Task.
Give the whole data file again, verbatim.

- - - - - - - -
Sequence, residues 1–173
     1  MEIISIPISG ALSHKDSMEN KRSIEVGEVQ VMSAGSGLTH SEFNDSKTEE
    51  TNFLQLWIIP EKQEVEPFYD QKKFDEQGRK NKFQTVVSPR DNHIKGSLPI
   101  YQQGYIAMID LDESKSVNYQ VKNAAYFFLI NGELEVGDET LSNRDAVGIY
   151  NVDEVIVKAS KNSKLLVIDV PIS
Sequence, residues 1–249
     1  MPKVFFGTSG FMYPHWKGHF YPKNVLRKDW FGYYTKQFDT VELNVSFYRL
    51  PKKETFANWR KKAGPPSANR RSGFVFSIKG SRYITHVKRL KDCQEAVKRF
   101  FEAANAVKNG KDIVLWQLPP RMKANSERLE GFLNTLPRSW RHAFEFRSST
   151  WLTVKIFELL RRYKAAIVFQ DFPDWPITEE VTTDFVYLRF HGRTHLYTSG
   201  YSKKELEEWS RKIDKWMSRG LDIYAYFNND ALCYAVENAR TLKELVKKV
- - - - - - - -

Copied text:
Sequence, residues 1–173
     1  MEIISIPISG ALSHKDSMEN KRSIEVGEVQ VMSAGSGLTH SEFNDSKTEE
    51  TNFLQLWIIP EKQEVEPFYD QKKFDEQGRK NKFQTVVSPR DNHIKGSLPI
   101  YQQGYIAMID LDESKSVNYQ VKNAAYFFLI NGELEVGDET LSNRDAVGIY
   151  NVDEVIVKAS KNSKLLVIDV PIS
Sequence, residues 1–249
     1  MPKVFFGTSG FMYPHWKGHF YPKNVLRKDW FGYYTKQFDT VELNVSFYRL
    51  PKKETFANWR KKAGPPSANR RSGFVFSIKG SRYITHVKRL KDCQEAVKRF
   101  FEAANAVKNG KDIVLWQLPP RMKANSERLE GFLNTLPRSW RHAFEFRSST
   151  WLTVKIFELL RRYKAAIVFQ DFPDWPITEE VTTDFVYLRF HGRTHLYTSG
   201  YSKKELEEWS RKIDKWMSRG LDIYAYFNND ALCYAVENAR TLKELVKKV